Let’s turn it around. “One fifth as common” versus “one fifth less common”. Both are actually sound statements, but they mean very different things. “One fifth as common” means 20% of the original… “one fifth less common” means 100%-20% which is the same as 80% of the original. Now applying the same logic to the “five times” case, “five times as common” is the correct usage as intended, as it implies 500% of the original. “Five times more common”, by analogy, would be 100%+500%, or 600% of the original. This is because “more” implies addition (like “less” implies subtraction).

        In other words, your usage is correct, and I believe gram is mistaken.

        • reardensteel says

          Well played.

        • Szanyi Student says

          Hmm… that kind of makes sense, but I always use the method I was taught above.

        • Mmmm… consider ‘five times as common’ to be ‘5x as common’ which means 5x Y Therefore it would be 5×100= 500

          • Matthew John Hayden says

            Ah the wonderful world of grammar… I’m pretty sure my understanding accords with Michael G.’s.

        • DrifterToo says

          Yes! This is one of my pet peeves. When people say, “1.3 times more,” they usually mean, “1.3 times as much.” I then have to guess based on prior knowledge, context, or further research which is meant.

          Then there’s, “five times less . . . “

      • Szanyi Student says

        When using a comparator (“more” or “less”), you use “than” to maintain the “more than” or “less than”. In this case you need to use “more common than”. You only use “as” when they are equal “This is as That is” or “This is as common as That.”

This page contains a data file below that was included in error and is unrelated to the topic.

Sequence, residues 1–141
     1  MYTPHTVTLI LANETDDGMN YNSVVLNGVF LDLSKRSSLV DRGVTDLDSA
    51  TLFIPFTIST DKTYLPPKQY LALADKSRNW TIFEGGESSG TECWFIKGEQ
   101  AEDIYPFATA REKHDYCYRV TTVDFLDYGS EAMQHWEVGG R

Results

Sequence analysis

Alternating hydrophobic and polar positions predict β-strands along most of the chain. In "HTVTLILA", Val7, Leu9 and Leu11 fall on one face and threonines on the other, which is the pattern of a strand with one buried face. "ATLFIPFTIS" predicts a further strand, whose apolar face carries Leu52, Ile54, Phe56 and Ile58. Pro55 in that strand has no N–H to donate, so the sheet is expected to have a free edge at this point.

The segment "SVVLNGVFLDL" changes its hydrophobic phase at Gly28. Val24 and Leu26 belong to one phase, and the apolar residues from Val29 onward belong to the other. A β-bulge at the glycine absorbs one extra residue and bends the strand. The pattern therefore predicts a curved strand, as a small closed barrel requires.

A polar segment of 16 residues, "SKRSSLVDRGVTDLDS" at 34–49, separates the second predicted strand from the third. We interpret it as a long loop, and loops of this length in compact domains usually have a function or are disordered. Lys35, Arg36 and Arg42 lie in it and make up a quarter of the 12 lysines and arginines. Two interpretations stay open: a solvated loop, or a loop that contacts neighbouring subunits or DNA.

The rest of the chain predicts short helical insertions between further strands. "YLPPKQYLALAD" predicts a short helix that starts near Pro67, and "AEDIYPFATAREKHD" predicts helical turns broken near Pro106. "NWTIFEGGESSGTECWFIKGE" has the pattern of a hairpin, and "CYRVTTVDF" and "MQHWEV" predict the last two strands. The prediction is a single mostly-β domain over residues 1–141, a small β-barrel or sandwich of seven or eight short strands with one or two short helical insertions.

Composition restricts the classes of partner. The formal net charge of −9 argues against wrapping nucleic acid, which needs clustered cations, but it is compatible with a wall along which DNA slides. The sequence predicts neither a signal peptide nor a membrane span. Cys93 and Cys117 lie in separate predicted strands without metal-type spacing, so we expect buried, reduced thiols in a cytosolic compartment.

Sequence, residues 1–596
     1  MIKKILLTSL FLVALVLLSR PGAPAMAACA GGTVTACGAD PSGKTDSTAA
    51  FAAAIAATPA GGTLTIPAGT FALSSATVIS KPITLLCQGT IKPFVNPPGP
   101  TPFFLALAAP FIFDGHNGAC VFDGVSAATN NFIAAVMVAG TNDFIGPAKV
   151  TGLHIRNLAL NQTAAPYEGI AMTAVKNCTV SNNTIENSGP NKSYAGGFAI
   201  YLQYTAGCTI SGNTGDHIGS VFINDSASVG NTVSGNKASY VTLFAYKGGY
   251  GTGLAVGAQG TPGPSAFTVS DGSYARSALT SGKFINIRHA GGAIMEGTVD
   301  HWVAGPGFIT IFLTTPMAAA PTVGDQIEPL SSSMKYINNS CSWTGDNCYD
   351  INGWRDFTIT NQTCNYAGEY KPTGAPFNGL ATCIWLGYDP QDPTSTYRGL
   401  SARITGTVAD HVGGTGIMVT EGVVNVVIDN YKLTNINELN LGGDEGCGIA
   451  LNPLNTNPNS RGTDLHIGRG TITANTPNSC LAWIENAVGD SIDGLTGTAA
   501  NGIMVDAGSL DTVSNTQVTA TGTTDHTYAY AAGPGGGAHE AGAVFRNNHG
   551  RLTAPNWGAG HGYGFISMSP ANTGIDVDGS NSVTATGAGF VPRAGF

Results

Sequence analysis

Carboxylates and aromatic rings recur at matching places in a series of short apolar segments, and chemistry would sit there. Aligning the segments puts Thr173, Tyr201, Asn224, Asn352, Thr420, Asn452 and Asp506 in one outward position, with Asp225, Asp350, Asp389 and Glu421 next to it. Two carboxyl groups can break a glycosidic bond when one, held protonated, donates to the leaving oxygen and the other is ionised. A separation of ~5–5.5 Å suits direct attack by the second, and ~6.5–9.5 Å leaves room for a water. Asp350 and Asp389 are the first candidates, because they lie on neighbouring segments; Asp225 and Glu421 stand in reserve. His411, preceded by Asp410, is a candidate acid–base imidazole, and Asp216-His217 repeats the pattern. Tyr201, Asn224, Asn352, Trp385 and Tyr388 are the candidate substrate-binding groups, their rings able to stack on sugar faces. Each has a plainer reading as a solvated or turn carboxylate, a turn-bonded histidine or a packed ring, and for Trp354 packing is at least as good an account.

• Angling Anglefish says

          “Twice as common” is wrong? “Twice more common” is correct?

          • They are saying that “Twice as common” would be double and “Twice more common” would be triple or 200% vs 300%, however you like to see it. I agree with them but English is my second language so I’ll let you all figure it out. Good reading though.

        • DrifterToo says


    • Maria Tyler says

      In math we would interpret “Five times as” to mean 5x, but we would interpret “Five times more” to mean 5x + x = 6x.
      -Math Professor

    • Retsopmi Enilno says

      May be if we read it as “five times as-common-as”, we could interpret it as 5X, right?

    • campbell says

      I know this thread is 3 years old, but I’ve only just come across it, and just can’t resist giving a big “LOL” at the person who thinks “five times as common” is not possible.

  3. English is so ridiculous. :(